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7 Steps to Safer Driving With Continuing Driver’s Ed

In the United States, it’s relatively easy to take driver’s education classes, get a driver’s license and then never look back. Safe driving expert and Governors Highway Safety Association consultant Pam Fischer offers tips on what new and old drivers alike can do to implement safer driving habits:

1. Keep up your education

Once a license is attained, there’s no requirement for continued education. But Fischer says taking initiative to continue education can serve as an important and necessary refresher. “This is a life-long process, and there absolutely should be opportunities and more focus on people continuing to get educated. Cars have changed, driving has changed and the risks have expanded to many cases.”

2. Make use of driver improvement programs

The National Safety Council, AARP and AAA all offer driver improvement programs. While there is typically a cost associated with these, there are also usually incentives, such as having points lowered or removed from a license or a discount on insurance. Plus, the classes are often only a day or can be taken online.

3. Stay engaged as parents

Even though every state has a graduated drivers licensing program, teaching responsible driving habits and how to assess situations is often left to the parents of teen drivers. Fischer recommends that parents become actively engaged in the process. She pulls from her own experience with her son where she asked the instructor, “Can you help me? Give me coaching tips. Help me know what I need to be focused on and what I can do to guide him, to correct him, to move him forward.”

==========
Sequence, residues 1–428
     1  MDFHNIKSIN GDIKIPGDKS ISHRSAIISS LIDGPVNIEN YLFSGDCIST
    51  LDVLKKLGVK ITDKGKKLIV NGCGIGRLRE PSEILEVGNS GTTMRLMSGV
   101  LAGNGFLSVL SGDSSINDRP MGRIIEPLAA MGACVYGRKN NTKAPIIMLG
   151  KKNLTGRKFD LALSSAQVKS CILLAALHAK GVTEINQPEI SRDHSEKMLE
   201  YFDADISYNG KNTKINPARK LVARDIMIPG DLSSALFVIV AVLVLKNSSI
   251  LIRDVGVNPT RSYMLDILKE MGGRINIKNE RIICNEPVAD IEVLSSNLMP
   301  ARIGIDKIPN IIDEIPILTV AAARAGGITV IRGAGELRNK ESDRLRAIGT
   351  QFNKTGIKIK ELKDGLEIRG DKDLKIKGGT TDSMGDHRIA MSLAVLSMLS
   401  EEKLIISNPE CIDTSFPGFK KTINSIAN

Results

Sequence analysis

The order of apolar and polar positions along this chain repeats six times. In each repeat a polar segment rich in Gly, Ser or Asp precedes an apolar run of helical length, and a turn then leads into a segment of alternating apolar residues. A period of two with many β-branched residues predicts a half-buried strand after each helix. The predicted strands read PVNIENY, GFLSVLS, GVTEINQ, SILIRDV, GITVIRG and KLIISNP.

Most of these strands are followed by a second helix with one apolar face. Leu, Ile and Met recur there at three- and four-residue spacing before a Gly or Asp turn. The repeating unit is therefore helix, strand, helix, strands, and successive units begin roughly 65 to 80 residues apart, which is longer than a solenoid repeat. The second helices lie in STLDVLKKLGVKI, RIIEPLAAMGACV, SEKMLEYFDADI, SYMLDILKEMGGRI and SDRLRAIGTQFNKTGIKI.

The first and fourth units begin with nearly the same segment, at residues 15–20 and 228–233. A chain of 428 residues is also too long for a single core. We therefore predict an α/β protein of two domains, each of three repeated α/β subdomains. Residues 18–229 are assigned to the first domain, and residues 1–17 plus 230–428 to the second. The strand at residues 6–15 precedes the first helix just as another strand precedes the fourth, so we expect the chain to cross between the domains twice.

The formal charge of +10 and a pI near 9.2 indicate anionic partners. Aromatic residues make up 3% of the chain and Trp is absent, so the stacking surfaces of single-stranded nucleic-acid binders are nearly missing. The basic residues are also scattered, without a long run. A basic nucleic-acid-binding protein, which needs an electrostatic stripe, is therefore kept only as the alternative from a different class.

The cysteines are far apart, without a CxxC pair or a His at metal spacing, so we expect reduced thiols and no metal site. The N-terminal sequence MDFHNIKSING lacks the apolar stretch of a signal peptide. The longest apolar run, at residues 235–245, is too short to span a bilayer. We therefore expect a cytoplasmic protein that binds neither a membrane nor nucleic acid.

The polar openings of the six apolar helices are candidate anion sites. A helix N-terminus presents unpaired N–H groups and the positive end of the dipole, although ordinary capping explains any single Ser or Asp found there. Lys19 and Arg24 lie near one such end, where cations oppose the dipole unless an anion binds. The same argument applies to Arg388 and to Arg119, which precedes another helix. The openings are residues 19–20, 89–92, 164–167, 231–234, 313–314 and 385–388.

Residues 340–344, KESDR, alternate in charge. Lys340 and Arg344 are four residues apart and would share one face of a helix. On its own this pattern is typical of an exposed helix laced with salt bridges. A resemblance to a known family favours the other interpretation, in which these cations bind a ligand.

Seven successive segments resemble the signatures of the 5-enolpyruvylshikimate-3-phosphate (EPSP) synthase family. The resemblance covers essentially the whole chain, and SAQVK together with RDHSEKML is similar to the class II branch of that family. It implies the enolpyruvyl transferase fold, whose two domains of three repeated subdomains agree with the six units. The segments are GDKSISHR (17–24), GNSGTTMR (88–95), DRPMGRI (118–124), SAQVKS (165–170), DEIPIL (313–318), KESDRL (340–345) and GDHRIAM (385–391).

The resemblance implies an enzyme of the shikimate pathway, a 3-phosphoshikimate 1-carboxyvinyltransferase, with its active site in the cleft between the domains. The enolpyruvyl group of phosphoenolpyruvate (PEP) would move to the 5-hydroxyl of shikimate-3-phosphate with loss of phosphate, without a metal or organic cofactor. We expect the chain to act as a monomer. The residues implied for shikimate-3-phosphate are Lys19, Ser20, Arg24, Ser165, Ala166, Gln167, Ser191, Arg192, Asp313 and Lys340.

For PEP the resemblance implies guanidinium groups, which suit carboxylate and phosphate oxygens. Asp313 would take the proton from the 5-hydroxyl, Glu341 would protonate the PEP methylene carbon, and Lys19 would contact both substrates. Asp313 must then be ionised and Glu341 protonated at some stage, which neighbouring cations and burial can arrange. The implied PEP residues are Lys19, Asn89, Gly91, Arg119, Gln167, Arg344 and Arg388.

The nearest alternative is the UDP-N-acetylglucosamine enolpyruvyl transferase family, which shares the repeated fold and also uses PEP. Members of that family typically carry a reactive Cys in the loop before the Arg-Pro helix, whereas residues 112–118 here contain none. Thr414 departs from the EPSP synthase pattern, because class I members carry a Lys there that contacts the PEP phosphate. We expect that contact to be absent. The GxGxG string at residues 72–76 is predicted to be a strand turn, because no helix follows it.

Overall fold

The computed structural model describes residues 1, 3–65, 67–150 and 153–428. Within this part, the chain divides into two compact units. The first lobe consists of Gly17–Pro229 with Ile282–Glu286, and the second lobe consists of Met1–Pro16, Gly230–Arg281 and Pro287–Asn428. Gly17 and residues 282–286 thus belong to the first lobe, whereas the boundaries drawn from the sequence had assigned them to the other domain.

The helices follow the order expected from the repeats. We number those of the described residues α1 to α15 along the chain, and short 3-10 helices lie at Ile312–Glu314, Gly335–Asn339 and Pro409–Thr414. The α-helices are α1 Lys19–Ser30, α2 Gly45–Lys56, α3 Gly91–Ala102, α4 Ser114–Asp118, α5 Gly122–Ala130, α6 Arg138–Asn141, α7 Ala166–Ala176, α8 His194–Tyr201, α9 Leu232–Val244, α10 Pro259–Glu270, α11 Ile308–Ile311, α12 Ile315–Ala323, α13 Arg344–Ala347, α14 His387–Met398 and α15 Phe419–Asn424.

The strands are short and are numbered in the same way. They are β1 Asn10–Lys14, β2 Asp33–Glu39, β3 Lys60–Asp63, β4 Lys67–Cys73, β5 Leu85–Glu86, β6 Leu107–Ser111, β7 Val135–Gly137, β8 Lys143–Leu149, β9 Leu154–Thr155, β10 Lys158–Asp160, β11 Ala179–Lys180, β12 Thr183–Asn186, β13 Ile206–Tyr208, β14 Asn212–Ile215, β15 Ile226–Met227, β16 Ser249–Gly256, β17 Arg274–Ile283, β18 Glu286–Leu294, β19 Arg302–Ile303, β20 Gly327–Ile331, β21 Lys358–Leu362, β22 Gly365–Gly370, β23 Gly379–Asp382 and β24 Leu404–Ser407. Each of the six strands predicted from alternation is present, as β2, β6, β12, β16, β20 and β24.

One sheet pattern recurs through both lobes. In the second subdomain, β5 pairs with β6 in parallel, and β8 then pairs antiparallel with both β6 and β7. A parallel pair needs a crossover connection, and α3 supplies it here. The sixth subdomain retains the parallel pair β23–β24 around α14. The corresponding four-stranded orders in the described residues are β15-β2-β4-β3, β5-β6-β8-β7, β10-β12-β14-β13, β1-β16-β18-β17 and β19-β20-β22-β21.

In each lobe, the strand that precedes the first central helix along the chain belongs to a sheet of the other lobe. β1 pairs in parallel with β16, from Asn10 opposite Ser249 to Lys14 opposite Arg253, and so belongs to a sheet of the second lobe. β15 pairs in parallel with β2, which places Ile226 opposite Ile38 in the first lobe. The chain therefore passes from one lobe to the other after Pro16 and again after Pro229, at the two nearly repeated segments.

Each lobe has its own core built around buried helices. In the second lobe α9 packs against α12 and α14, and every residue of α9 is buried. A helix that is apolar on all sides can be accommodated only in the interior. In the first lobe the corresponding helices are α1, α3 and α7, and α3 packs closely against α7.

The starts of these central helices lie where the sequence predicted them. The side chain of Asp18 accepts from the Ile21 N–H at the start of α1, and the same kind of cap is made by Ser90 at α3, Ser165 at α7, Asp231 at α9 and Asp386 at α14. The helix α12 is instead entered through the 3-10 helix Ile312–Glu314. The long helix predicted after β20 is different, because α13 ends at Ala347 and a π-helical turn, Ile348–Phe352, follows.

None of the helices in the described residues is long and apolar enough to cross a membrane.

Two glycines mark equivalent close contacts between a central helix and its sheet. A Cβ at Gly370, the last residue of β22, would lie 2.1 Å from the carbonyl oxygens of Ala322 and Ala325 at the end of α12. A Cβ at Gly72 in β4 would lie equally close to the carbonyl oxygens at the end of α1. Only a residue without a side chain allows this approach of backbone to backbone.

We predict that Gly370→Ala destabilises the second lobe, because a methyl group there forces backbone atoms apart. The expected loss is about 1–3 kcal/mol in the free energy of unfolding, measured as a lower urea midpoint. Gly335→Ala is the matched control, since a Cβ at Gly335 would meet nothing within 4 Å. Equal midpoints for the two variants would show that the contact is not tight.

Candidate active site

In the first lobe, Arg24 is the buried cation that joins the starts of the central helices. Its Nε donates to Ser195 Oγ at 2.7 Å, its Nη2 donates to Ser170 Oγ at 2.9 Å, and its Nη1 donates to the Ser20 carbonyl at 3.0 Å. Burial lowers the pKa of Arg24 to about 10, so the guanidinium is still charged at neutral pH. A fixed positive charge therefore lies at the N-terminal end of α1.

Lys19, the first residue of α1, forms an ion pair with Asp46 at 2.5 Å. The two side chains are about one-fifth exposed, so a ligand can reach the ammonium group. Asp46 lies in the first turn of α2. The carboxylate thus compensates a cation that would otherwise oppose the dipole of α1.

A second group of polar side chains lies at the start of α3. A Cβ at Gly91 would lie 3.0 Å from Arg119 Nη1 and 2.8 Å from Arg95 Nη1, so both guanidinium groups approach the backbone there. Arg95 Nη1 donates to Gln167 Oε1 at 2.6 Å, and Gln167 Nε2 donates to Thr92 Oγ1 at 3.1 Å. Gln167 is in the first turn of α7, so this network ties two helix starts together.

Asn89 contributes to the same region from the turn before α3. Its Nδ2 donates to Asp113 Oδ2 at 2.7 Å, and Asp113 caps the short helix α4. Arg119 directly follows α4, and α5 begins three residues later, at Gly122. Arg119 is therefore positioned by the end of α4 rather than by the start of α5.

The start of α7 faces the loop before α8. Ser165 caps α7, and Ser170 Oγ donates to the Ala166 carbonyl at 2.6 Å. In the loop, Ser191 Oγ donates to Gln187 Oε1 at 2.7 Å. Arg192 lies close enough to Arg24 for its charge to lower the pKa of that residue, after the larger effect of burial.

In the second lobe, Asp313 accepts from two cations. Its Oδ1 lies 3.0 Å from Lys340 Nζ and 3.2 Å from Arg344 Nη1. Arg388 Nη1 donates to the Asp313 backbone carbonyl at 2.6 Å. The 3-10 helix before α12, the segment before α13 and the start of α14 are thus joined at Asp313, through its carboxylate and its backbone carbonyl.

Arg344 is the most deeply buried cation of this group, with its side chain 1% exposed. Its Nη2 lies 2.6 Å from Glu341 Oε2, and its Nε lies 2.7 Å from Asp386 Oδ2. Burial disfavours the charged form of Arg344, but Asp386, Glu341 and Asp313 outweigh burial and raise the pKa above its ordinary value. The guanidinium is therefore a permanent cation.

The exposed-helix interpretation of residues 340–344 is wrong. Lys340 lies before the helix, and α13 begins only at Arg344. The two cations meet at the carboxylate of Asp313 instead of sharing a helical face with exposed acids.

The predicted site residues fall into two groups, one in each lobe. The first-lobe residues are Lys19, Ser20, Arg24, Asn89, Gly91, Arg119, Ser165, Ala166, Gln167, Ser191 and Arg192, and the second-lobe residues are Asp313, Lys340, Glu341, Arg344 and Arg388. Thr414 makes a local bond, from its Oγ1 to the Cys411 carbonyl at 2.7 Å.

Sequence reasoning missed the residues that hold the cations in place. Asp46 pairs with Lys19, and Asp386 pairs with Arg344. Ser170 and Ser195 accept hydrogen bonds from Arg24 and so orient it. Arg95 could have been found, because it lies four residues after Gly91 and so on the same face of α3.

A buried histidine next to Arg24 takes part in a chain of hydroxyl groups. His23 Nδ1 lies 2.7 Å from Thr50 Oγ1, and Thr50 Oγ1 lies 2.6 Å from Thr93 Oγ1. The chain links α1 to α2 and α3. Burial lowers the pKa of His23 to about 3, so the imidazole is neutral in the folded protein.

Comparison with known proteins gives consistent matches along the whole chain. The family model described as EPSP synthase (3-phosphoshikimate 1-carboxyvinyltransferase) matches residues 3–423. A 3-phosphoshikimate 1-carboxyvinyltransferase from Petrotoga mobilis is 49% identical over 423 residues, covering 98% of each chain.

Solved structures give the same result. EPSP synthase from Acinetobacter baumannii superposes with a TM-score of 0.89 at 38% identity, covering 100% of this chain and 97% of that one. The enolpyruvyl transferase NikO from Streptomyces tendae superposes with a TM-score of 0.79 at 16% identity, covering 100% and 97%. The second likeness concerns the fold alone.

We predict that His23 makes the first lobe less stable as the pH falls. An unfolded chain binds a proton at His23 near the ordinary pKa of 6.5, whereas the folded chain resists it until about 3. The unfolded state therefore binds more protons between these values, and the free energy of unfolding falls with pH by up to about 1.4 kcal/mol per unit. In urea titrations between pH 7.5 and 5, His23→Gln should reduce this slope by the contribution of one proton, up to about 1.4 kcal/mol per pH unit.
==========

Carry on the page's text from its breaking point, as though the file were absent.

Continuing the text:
4. Utilize online tools

There are many online outlets that parents can take advantage of to aid their teen drivers: The Children’s Hospital of Philadelphia, Drive it Home, the National Safety Council, the Ford Driving Skills for Life program and AAA all have resources.

5. Keep tabs on elderly family members

When it comes to older drivers, Fischer recommends that families inspect their elderly family members’ cars and observe driving habits. “The most important thing of all is to continue to talk with [them], monitor and start thinking ahead of time before something happens — or before you need to think about taking away the keys, if that becomes a necessity.”

6. Encourage programs for older drivers

AARP, AAA and the American Occupational Therapy Association work in accordance to provide CarFit, a program where technicians survey elderly drivers’ cars and run through a checklist to ensure everything is properly situated. They check mirrors, steering wheel placement and review car safety features with drivers.

7. Don’t forget to assess yourself

Fischer notes that most people assume they’re safe drivers without assessing their own potentially dangerous habits. Breaking behavioral habits are tough, but worthwhile. “The main message is if we’re going to be safe out there on the road, we have got to start with ourselves and examine our own behaviors with whatever mode of transport we use — that includes people on bikes and people on foot. We’re in this together. Let’s look inward [and] focus on what we can do.”

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